Monday, March 26, 2012

History everywhere you look

First Free Press, Apr. 4, 1887.
The Free Press will soon be celebrating it's 125th anniversary of providing news and information to southern Minnesota. I know, that sounds like a gimmick, but it's real, and once that number sinks in a bit its significance will hit.

That's a long time. That time frame spans two centuries. It spans every United States president from Grover Cleveland to Barack Obama. It spans more history than I can imagine.

The Free Press itself is steeped in Mankato's history. Its staff has covered literally every major event in Mankato for the last 125 years, not to mention major state and national events. Looking through old copies of the Free Press is like going back in time, literally. The yellowed pages of old copies of the paper hold a trove of details about Mankato's past, on every page from A1 to Classifieds.

The seminal publication actually was the Independent which began in 1857. Six years later, it was bought by Charles Slocum and named the Mankato Union. Then in 1880 the Union and its rival Mankato paper, the Record, merged and became the Mankato Weekly Free Press. It ran as a weekly until Apr. 4, 1887 when editor L.P. Hunt published the first daily issue. Hunt's name still adorns a stone in Jackson Park that marks where the original building that housed the Free Press once stood.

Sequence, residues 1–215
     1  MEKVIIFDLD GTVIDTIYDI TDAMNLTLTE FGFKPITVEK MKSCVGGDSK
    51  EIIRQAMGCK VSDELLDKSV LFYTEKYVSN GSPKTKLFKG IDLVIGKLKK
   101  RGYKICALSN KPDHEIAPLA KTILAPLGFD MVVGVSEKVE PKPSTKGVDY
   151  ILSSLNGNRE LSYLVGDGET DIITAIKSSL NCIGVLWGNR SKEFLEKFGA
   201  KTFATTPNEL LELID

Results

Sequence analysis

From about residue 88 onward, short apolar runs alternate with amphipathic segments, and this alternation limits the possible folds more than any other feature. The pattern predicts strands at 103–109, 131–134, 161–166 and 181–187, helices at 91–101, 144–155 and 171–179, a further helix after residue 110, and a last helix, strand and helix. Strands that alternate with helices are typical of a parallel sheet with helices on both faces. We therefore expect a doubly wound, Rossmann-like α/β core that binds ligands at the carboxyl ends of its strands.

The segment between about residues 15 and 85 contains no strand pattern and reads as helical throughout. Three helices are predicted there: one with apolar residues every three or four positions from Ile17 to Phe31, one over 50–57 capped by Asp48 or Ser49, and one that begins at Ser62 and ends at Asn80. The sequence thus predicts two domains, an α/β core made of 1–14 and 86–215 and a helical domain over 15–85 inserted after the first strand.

While the current Free Press building hasn't been here as long as the paper it still contains much of the history of the Free Press, and of the newspaper publishing industry in general. I started a personal project a couple of years ago to photographically explore some of that history.

Truth be told, it started on a slow Saturday afternoon when I set out to photograph some of the worn and heavily used items in the building. I work nearly every Saturday, and the Free Press building is fairly quiet on the weekends. During some time between assignments I started exploring some of the nooks and crannies of the building, taking a few pictures along the way. Newspaper employees are generally pack rats: You never know when you might need something. Many of the items I found and photographed not only show some of the Free Press' history but show how hard it can be to publish a daily newspaper for 125 years.

L.P. Hunt said it well in a note to readers in that first daily issue. "The labor incident to getting out the initial number of a daily paper is vastly more trying than people not familiar with newspaper work and worry are aware of or can be devised of."

I've had some fun doing this, and I'm still having fun. I look forward to having some more time this spring to do some more exploring. I've found areas of the building that hold some fantastic history largely unseen even by most employees of the Free Press. I think these pictures not only show history, but the incessant march of time. I think they illustrate how much the newspaper business has changed over the years, changed but remained the same in some ways (hopefully not resulting in its demise!).